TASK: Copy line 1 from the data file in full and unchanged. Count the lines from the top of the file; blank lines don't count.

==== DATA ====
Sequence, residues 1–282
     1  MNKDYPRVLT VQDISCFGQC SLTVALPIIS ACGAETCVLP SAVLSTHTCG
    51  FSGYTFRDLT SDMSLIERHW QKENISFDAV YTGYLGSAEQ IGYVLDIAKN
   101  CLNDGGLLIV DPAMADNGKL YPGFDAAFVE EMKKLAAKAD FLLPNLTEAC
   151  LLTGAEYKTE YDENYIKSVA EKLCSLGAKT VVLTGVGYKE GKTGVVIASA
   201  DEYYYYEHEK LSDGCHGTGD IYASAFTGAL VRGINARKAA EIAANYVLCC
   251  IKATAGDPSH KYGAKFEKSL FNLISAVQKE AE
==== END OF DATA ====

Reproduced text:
Sequence, residues 1–282